Tuesday, March 22, 2005

The Judge rules

Judge Wittemore ruled earlier today in the Terri Schiavo case. I haven't posted about it earlier, in part because I was so shocked at the result and couldn't really believe that it happened the way it did. My shock and disbelief prevented me from properly articulate how unbelievable it was. Thankfully, Hugh Hewitt was able to articulate what I would have said:
Judge Wittemore's ruling is shocking. The crucial discussion in his opinion begins:

"This court has carefully considered the Act and is mindful of Congress' intent that Plaintiffs have an opportunity to litigate any deprivation of Theresa Schiavo's federal rights. The Court is likewise mindful of Congress' directive that a de novo determination be made 'notwithstanding any prior State court determination.'"

Then, without a single witness having been called, and relying on a few hours review of a handful of affidavits, the judge announces that Terri's parents don't have a substantial likelihood of success at trial, and refuses to order any relief that will allow that trial to occur. "This court appreciates the gravity of the consequences of denying injunctive relief," he writes, as though this expression of seriousness on his part will somehow oblige us to ignore his contempt of Congressional intent.

It was clearly the intention of Congress that Terri receive nutrition and hydration throughout the course of a "de novo" trial on the merits of her claim. Her parents could well lose that trial and subsequent appeals, but the Florida legislature might also act in the interim. The judge rushes through his part in this drama and punts to the 11th Circuit, which would have been fine by me if he had resumed nutrition and hydration.

But he didn't. Citing case law having to do with other settings in which injunctive relief has been sought and denied is another sideshow. Tom Delay, in the Sunday press conference where this was announced, stressed that the legislation had been crafted to get Terri back on hydration and nutrition pending a de novo review of the facts in federal court. Judge Wittemore is wrong to rely on other precedents when the Congress gives such an explicit charge.

At a minimum, Judge Wittemore ought to have ordered resumption of hydration until the 11th Circuit and, if necessary, Supreme Court appeals are heard. Convicted felons don't get executed until all the appeals are heard. Their executions are stayed even when they haven't got a prayer of a chance of success. Not so in this setting. And that is what is so shocking.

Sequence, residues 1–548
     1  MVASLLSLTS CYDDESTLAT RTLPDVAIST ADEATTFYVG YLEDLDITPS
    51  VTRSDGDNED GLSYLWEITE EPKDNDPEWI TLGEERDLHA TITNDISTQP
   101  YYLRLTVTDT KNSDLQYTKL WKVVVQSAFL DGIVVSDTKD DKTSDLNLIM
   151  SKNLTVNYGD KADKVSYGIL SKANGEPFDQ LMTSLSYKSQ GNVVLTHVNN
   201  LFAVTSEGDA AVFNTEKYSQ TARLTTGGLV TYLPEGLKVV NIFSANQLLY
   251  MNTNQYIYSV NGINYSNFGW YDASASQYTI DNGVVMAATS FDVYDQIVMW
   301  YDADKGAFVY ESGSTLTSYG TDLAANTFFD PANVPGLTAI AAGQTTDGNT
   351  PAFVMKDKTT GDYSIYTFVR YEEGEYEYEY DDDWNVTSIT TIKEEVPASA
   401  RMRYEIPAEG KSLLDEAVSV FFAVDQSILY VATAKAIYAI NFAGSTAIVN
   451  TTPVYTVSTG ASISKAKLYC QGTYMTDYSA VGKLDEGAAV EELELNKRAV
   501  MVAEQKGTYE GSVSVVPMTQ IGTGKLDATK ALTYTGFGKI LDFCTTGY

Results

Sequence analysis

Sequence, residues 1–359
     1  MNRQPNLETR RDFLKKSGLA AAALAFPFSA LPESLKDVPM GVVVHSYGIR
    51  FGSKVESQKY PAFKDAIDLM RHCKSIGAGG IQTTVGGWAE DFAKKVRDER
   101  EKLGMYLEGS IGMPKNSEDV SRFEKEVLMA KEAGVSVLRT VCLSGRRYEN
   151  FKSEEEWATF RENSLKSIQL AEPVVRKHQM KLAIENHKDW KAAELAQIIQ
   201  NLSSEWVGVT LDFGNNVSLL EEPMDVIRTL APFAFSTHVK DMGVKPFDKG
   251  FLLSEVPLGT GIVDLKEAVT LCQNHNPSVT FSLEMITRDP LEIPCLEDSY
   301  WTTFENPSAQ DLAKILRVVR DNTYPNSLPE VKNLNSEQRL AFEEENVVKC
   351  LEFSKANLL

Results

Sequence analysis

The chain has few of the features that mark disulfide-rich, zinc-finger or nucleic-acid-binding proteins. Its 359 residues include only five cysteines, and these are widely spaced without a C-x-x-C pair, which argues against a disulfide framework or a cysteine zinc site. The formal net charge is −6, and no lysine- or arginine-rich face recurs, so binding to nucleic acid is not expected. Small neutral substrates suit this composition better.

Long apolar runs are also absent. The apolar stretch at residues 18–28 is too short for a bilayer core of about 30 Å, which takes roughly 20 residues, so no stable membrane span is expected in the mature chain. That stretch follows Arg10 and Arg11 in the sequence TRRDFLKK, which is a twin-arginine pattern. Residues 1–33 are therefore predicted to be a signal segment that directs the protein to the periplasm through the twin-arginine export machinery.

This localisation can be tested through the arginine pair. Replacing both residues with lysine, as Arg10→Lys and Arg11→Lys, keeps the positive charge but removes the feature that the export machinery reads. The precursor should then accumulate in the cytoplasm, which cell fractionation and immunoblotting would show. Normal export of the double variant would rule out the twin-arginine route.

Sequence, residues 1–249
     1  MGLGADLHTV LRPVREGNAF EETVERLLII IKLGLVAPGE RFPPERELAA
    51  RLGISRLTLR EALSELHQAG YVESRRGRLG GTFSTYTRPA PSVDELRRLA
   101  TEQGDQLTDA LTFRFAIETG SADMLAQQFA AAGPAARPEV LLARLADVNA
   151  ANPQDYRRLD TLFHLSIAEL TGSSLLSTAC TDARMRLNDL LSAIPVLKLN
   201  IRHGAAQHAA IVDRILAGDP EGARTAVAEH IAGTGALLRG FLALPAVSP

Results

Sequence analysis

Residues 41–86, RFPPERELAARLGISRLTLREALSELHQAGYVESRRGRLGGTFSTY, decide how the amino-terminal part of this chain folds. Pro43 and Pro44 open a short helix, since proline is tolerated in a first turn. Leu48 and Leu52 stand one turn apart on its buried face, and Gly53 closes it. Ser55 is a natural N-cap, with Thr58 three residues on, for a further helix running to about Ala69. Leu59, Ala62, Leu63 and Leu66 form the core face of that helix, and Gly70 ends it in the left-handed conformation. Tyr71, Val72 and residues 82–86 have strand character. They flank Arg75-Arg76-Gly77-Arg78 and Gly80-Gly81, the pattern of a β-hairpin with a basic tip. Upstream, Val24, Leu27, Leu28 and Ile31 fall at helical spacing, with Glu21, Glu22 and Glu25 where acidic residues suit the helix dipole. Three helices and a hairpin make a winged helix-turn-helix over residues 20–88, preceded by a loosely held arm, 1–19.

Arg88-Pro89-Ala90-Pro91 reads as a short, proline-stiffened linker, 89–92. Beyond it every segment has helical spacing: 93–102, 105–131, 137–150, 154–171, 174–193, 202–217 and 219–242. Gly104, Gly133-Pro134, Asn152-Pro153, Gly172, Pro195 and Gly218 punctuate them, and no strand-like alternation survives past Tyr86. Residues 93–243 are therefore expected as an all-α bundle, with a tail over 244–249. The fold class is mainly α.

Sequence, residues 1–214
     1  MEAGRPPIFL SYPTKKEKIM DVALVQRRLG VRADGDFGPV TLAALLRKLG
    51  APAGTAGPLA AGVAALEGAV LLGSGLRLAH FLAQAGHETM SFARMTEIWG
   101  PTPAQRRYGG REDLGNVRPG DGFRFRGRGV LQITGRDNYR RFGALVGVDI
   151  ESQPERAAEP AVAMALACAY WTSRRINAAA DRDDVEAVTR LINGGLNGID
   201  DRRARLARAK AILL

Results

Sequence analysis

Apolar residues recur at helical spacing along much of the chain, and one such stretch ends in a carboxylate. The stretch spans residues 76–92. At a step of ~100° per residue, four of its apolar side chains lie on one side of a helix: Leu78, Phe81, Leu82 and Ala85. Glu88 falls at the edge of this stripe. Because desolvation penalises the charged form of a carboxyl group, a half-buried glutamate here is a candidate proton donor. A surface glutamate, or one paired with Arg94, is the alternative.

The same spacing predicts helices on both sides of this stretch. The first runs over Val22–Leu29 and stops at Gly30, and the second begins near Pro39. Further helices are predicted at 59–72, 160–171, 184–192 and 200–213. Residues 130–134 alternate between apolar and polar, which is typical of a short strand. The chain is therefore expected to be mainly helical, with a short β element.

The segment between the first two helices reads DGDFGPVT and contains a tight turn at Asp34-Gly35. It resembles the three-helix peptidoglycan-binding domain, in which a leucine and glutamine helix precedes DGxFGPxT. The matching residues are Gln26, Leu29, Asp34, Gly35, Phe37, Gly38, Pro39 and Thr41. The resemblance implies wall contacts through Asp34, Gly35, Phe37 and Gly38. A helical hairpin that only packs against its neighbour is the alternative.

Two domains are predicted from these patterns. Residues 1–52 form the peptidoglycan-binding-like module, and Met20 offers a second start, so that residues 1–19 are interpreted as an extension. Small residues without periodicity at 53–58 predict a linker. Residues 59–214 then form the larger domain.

But it is a wholly different matter when a court simply ignores the obvious intent of an overwhelming majority of the Congress and the agreement of the president. Once again we have on display a judiciary that has grown contemptuous of the directly elected branches. When the Senate returns, the clash over judges will commence again, and proponents of nominees who understand that it is the role of judges to apply the law as intended by Congress will have another powerful example of why such nominees are so needed on the bench.

I hope the panel of the 11th Circuit Court of Appeals does not conduct itself with such contempt of the coordinate branches, and quickly issues the obvious order resuming food and water until the hearings that Congress intended be held are in fact held.

Again, to review, the "de novo" order was so that the Court would review the case, from the beginning, and not standing on other rulings. Clearly there was no time for this to have happened.

It's amazing to me that the Left is so against Congress, again, elected by citizens of the states, involving itself in this matter, but cheers when Judges involve themselves by allowing death. Some may think that Judge Wittemore's decision to not re-insert the feeding tube is not involvement, but is inaction is more decisively a firm action.

As Hugh stated in the final paragraphs, a situation like this, where the Judiciary ignores a direct intent of the Legislative branch, the Left is simply revealing to everyone else why their obstructionist stance against Judicial nominations is such a big deal. Democrats are being burned on all sides because of this, and they're not even doing it to SAVE a life.